And we know that hungry people across the country are going to be affected very soon.

On November 1, 2013, the 13.6% increase to SNAP will expire. Thanks to federal deficit fear mongering, no one in Congress is willing to push for an extension. And why would they? People on food stamps are not known as a voting bloc with much power, even though they would have the numbers to change just about anything in this country if organized.

For those of us on SNAP, we don’t have to imagine what this reduction will feel like. I can attest to the rage and – to be honest – to the terror that occurs when your access to food is meddled with. Living in New York City and attempting to buy food on SNAP is no easy task as it is. Of course the healthier you eat the more expensive food is, so this results in many people eating unhealthily so they can survive.

This brings us back to where we began.

Debt affects everyone. But what does a collective response look like? There are 50 million people in the U.S. about to see a reduction in their access to food. Some of them may not have yet been included in the conversation. But on November 1, they will probably be more open to discussing how we can come together in this struggle for survival. Of course my revolutionary imagination runs wild with ideas of bringing back the Black Panther Party’s food programs, organizing community based food co-ops, or having a People’s Food Assembly. But at the very least we need to include the communities most affected by debt in our conversations, and the reduction of SNAP benefits is a tragic opportunity to do exactly that. There is no more fundamental human right than the right to eat, to live, not just survive. And debt in its myriad of forms is most directly experienced when it results in limited access to food. After all, everyone eats.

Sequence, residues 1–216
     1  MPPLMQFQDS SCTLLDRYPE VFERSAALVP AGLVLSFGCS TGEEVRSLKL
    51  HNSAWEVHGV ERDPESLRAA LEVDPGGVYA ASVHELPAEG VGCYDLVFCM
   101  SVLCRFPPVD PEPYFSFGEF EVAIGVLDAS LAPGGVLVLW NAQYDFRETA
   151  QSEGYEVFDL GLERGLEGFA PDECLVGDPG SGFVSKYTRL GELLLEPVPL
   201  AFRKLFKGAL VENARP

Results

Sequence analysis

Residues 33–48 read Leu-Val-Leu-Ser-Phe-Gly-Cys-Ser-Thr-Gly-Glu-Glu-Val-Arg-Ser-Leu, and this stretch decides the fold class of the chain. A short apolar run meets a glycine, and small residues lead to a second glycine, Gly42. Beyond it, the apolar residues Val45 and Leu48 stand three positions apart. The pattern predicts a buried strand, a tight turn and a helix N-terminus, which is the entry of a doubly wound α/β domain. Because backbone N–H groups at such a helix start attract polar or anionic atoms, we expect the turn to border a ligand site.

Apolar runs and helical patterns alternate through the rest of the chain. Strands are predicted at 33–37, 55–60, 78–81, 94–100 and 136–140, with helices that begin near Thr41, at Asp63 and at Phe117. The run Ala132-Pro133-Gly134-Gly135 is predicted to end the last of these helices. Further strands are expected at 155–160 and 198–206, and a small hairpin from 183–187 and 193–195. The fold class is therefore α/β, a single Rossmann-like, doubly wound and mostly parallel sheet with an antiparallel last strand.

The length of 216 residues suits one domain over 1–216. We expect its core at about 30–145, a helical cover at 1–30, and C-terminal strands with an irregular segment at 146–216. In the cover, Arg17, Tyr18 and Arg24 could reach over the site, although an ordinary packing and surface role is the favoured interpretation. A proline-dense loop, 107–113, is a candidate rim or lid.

Originally published on

Sean McAlpin